The New York Yankees lose a game, a series and a dynasty
By: Cormac Eklof | Published Tuesday, December 18, 2012, 9:07 AM | Updated Tuesday, December 18, 2012, 9:07 AM
How easy was that? The Detroit Tigers
simply swept the over matched Yankees
aside, like dirt off their shoulders. The MLB International coverage was very good last night, something those of you Stateside don’t get to watch or hear, which is a shame. One very interesting note came late on, as they pointed out that with their season on the line, it was bemusing to see most of the Yankees slumped back in their seats. Ichiro Suzuki and Raul Ibanez were taking it like men and standing on the top step, however the rest of the Yankees were sulking back on their bench, quite literally as far away from the action as they could be without being in the club-house.
Losing is one thing, being embarrassed and not facing it like a man is a whole other issue. This Yankees team looked beaten all series long, and now has the toxic air of a broken down vehicle that has no use bar the scrap yard.
The Yankees now face a series of issues, the gravity of which does not appear to be sinking in for their own front office. Their problems are basically three-fold. First of all, they are old, Mike Illitch old. Secondly, those same old players, many of them are tied into huge salaries, the value of which would startle Donald Trump. Finally, those same players’ salaries are not only exorbitant, they are also long, long like a Miguel Carbera homerun.
Check out this list of the oldest Yankees players. This isn’t an ‘issue’, it’s an epidemic.
- Hiroki Kuroda 37
- Derek Lowe 39
- Andy Pettitte 40
- Eric Chavez 34
- Derek Jeter 38
- Alex Rodriguez 37
- Raul Ibanez 40
- Ichiro Suzuki 38
Even the Yankees ‘younger’ stars are ‘young’ only compared to the walking zombies in the group above.
- CC Sabathia 32
- Mark Teixeira 32
- Curtis Granderson 31
In terms of salaries, the Yankees as a group cost $200 million a year in pay. That’s big. In a lot of cases, it is their oldest players receiving the highest figures. Kuroda is getting $10 million. They are paying CC Sabathia, who looked older than 32 even last night, $24 million a year. A-Rod, Jeter and Teixeira combined are 107 years old are are earning a cool $68 million a year (22 each).
The New York Yankees are paying $130 million in salaries to a bunch of players who will be 30 or over for the 2013 season. That’s even removing Swisher, Lowe and Suzuki’s salaries, those three will presumably not be in pinstripes next season.
As for the length of those dead-weight, anchor or indeed anvil like contracts, the poster child for this topic has to be good old A-Rod. The Yankees are paying A-Rod $30 million dollars a season every season until the year 2017.
Read that above sentence to yourself again and let it sink in. The guy they sat on the bench for the crucial part of the ALCS. The man once called ‘The Cooler’ by his own team-mates in Texas (for his ability to cool off rallies). The man mercilessly booed by his own fans, and completely slaughtered in the press by Donald Trump, that’s the guy they are paying $30 million a year until 2017.
You think they have a snowball’s chance in hell of trading the big lug to anyone? Even the LA Dodgers are not stupid enough to take that kind of cash on board. New York is stuck to their broken down, head-case (who hands out baseballs to women in the stands looking for phone numbers during the AlCS?!) of a strike-out machine.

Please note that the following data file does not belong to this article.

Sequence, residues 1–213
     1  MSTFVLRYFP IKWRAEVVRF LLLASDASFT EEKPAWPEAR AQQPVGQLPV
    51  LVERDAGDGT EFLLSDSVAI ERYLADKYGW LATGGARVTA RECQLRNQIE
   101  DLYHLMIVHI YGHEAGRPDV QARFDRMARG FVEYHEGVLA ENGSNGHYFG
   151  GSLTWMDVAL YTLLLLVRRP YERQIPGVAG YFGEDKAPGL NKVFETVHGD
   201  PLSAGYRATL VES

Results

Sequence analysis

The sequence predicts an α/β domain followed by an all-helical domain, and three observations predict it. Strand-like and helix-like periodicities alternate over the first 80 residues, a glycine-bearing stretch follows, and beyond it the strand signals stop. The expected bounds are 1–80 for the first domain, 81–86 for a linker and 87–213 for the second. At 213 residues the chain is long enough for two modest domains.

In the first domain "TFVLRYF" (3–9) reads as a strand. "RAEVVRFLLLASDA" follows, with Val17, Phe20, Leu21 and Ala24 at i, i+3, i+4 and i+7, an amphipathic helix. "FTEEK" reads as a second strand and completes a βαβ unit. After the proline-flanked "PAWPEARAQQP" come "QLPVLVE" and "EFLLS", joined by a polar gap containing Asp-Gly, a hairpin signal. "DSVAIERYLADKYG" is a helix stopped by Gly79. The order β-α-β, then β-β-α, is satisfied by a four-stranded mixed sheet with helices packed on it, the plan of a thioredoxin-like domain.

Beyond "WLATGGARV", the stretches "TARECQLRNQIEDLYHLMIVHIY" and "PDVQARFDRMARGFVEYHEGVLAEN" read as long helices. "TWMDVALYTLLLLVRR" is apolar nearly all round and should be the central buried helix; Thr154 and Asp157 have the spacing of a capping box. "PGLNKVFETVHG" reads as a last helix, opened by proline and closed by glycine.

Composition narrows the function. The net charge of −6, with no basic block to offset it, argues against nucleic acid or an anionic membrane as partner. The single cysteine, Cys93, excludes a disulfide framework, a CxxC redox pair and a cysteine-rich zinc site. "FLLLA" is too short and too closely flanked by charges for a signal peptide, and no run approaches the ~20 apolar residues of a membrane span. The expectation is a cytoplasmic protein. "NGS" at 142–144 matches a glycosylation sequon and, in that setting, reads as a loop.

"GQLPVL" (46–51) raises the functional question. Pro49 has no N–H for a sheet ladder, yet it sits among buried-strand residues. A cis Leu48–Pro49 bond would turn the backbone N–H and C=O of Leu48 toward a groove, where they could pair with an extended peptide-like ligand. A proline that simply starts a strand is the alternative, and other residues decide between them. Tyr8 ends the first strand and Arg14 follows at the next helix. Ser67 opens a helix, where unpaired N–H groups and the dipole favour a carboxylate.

Worrying for Yankee fans is their General Manager appears to have his head buried in the sand. "A lot of people are pointing to this team, and saying we're old and that's the reason we're not getting anywhere,"
Cashman said. "I'm like, 'Hey, we got there and we are old.' You know, if you're old and still good, it's not an issue."
What Cashman appears to be missing is that you can beat up second tier pitching all year long. You can mash homeruns at a record pace in the dog days of summer, and build inflated numbers in-spite of the relative old age of your squad. However, when October hits, your team best have energy and stamina (something that is more present in, let’s face it, younger players) and you better be ready to hit the best pitching in the Majors.
That Tigers rotation absolutely sliced and diced the Yankees aging bats. It was a no-contest. Max Scherzer almost no-hit the Yankees in a crucial, potentially season ending game for the latter. Think about that for a second. He almost no-hit them!!
The Yankees simply had no defence.
Most worrying of all, on top of all the points above, is that the rest of the AL East is primed to simply move on without New York. Tampa is young, talented and run on a very impressive low budget, allowing them to grab free agent parts at the right time. They have a great manager and deep, talent laden rotation. The Orioles are perhaps even more deeply loaded with young talent. They also have a good manager and baseball is once again buzzing in Baltimore, the City has taken to their team again, and they don’t want to let go. The Blue Jays are a much better team than their last season, the injury bug decimated them and they will be back with a bang in 2013.
What’s going to really pain Yankee fans is their arch rivals the Red Sox removed their problems like a surgeon removing an unwanted growth, biting the bullet and giving away the 2012 season in order to be competitive next season and beyond. The Red Sox are young, baby young compared to the Yankees, and have the financial freedom to rebuild their club in any manner they see fit.
The Yankees are an old, decaying team, and they are tied to the weighty contracts of those same players for many years to come. There is no wiggle room.
Where does that leave the Yankees? The answer might be, out in the cold, looking in, as the rest of the AL East blasts off without them. The Yankees didn’t just lose a game last night, or a season either.
They lost their dynasty. Follow Cormac on Twitter